Gladepressed and brightthick

Welcome to a kind of special but mostly late edition of George vs the Listener.  I had a strange time of it the last few days, my trip back from the UK escalated into a pretty rapid disaster.  My flight out of Heathrow was delayed to the point that I missed my connection and ended up getting back the day after I was meant to, which meant I had to race to another committment, repacking in a mad rush on no sleep so I left my computer charger, which made no difference since there was no internet where I was staying and I was getting by on a trickle of phone signal.  So to cut a long story long, I should write these things up in advance, and I’m sorry for those of you hoping to get a Friday dose of George v Listener.  On the other hand, United gave me a travel voucher to cover lack of sleep and brain cells.

So there will be other posts about Cheltenham shennanigans soon, so check back over the next few days.  We have Theod to consider now.  Theod is only credited with one Listener from before I started trying them, so effectively a new setter.  However I used to share Mephisto blogging duties on Times for the Times with a The_OD, but I don’t know if they are the same.

OZ and WR appeared during my trip to Washington DC (if you’re in the area, I highly recommend the Holiday Inn Rosslyn as they don’t charge for printing and have a very nice business centre) so there was a mixture of being glad that I could print the Listener while I was gone, and then dismay when I saw that little grid of squares.  The dreaded playfair code square!  I think the last time we saw one of these was in Argentum nearly three years ago.  I got a few emails explaining the elegance of the Playfair code, and a few saying I could just bung letters into Word Matcher and it will solve it for me.  Anyway, apart from the Playfairness, there’s an extra word in each clue.

On a stinking hot day in Arlington, Virginia, I had about three hours to kill and found a bar that was open for lunch on Sunday (this is far more difficult than I expected – I was in the centre of the Pentagon area so it’s a wasteland on the weekend).  But I got some food, got some beer and pulled out OZ and WR for a starter.

There is a 1 across and it hit me pretty quickly because it was a trap I missed in an Azed not that long ago – SOJAS.  And with that we were away – the clues were pretty fair and a lot of the extra words kind of stuck out, so within an hour or so I had about half of the grid finished – the bottom left of the grid was the major holdout.

Then I found the problem of sitting at the only open bar in the area doing a crossword – the other 6 or so people in there clearly knew each other very well, so I was the oddity.  Time to be entertainment, particularly for two guys who were clearly devoid of such.  One asked me what I was doing, I said it was a crossword, he said that since I was clearly stuck I needed his help.  He then grabbed my grid and stared at it for a good five minutes before pushing it back and asking what it was all about.  I explained the nature of the clues and what a Playfair square was hoping that would satisfy him, but at least while he still had half a vodka tonic, he was determined to “help”.  In this case it was making a list of words that he thought might fit 35 across.  I should have written a few down.  Anyway, he eventually gave up, finished his drink and left me to my misery.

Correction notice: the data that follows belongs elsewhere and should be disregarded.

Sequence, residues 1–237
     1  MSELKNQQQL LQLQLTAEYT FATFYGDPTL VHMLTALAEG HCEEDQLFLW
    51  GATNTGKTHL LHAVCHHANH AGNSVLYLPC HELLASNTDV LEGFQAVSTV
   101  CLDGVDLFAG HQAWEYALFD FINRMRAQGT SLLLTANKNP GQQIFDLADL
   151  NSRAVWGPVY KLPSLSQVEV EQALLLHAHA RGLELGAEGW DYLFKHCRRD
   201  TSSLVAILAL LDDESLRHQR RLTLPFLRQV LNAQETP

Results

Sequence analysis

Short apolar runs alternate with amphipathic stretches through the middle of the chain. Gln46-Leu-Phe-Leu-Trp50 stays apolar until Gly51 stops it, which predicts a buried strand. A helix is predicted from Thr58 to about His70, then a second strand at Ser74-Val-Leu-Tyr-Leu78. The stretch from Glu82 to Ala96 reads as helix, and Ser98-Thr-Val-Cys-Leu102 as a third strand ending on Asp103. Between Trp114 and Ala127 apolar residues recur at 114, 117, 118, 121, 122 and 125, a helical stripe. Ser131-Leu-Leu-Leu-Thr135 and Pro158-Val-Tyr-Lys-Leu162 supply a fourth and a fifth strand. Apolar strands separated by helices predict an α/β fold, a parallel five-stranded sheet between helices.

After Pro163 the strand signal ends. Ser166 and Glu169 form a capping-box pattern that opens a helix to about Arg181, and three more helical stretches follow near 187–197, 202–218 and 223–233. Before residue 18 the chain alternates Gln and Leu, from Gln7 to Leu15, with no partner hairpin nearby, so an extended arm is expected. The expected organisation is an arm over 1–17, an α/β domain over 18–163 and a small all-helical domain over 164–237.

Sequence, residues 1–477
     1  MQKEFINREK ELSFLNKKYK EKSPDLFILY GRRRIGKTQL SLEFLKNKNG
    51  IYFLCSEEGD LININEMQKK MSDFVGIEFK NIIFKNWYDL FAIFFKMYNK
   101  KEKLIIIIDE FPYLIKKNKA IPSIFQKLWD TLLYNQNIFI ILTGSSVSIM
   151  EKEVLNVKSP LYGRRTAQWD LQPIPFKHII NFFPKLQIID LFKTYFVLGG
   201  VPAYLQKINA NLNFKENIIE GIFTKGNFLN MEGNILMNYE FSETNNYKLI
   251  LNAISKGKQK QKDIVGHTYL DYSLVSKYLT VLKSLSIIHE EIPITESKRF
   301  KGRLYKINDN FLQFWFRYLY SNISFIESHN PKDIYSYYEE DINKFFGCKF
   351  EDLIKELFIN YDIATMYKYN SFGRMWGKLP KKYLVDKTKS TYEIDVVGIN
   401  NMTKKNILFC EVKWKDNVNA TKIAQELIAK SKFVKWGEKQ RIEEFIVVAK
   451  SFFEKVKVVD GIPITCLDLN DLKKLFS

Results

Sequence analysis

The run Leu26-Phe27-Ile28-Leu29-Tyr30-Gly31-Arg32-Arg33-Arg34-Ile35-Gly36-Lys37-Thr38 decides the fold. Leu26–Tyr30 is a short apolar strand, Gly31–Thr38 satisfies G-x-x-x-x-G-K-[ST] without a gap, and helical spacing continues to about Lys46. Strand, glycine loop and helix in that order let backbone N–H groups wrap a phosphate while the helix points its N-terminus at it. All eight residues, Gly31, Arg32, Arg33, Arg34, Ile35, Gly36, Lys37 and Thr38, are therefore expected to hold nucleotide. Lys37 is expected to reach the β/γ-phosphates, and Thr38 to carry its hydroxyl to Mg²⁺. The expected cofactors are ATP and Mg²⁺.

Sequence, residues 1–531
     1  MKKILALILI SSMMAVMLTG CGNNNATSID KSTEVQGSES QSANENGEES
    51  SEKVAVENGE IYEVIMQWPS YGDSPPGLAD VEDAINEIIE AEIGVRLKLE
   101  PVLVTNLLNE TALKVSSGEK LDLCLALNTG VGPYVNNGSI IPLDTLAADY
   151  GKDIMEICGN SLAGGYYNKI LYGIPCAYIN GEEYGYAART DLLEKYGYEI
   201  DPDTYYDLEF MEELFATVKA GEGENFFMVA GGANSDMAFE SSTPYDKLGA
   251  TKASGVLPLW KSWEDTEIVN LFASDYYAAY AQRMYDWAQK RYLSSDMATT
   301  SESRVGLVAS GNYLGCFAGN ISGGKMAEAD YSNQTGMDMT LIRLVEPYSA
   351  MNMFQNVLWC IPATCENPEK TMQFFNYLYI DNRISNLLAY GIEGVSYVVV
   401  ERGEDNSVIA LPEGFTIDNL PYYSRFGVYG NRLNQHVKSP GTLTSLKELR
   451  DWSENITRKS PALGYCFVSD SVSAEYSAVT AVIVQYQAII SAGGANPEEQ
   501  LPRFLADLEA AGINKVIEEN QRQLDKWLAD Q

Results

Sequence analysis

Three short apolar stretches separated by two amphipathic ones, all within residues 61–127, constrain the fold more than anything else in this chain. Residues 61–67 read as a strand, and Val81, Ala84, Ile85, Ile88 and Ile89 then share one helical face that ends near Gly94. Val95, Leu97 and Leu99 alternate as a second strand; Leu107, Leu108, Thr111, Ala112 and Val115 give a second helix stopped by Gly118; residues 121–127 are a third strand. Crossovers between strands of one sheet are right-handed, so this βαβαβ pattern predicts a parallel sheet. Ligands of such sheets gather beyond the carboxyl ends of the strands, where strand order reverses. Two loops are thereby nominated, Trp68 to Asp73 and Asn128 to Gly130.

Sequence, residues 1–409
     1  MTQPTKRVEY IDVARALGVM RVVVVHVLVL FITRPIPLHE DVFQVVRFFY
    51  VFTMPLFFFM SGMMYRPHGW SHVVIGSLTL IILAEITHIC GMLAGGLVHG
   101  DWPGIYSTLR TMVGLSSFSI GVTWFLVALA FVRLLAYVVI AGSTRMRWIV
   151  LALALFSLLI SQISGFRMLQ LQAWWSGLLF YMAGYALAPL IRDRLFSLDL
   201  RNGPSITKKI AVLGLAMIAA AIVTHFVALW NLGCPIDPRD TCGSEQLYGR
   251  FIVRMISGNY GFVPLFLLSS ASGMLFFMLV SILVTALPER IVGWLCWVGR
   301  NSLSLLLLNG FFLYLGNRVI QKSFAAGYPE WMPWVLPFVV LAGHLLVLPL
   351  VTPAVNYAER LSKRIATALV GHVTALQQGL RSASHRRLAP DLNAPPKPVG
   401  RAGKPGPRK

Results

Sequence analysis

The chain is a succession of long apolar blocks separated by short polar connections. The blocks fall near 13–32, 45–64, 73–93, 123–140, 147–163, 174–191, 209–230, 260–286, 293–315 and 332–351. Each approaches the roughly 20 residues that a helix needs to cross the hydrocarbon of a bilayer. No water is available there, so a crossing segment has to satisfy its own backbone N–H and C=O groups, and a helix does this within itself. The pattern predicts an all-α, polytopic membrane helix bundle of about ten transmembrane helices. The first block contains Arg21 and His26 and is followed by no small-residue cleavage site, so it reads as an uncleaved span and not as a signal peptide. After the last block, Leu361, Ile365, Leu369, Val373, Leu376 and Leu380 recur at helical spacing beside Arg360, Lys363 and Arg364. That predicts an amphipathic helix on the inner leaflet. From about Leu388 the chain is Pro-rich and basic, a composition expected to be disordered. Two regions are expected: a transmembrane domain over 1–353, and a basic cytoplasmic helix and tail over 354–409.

OK, the grid is nearly finished, I had three of the four coded words, I could see BITTERSWEET running down the main diagonal s it was time to get to work on that Playfair…  YLU, RAG and UTC had to be on the same row or column.  I played around a bit with possibilities until my time ran out at the bar.

Later on at the hotel with internet a-blazing (as opposed to Galtinburg Tennessee) I gave up and resorted to the solver on word wizards, which threw up TRAGICOMEDY as a possibility to convert RANSOM to AGPL?E, which would match up with BITTERSWEET – and we are away.

About 20 minutes later, things are done and dusted – it would be nice if there was a blank playfair grid with the crossword, I wrote in little letters next to the ones that were there.  The message was a little weird, I got A COMPOUND WORD EACH ELEMENT BEING EQUAL IN …. PLAYFAIR CODE WORD HIGHLIGHTED IN THE GRID.

OK, so BITTERSWEET needs to be highlighted.  But what is that bit in the middle?  The title is apparently significant… OZ and WR codes to DV and VA.  Aaaah – there’s DVANDVA in Chambers… A COMPOUND WORD EACH ELEMENT BEING EQUAL IN STATUS (EG TRAGICOMEDY BITTERSWEET).  One of the better penny-drops.

So there we go – a two session solve

My grid for Listener 4147, OZ and WR by Theod

With the theme word DVANDVA

Victory to George, though I’m sorry Theod, apart from the finding DVANDVA part, this was not my favorite Listener and I’m still not convinced about the Playfair square, particularly since it can be cheat solved relatively easily.

2011 tally:  George 24, Listener 6.  Current streak:  George 7

Feel free to leave comments below, and see you next week for a recollusion with the Magpie.

Advertisements

Leave a Reply

Fill in your details below or click an icon to log in:

WordPress.com Logo

You are commenting using your WordPress.com account. Log Out / Change )

Twitter picture

You are commenting using your Twitter account. Log Out / Change )

Facebook photo

You are commenting using your Facebook account. Log Out / Change )

Google+ photo

You are commenting using your Google+ account. Log Out / Change )

Connecting to %s

%d bloggers like this: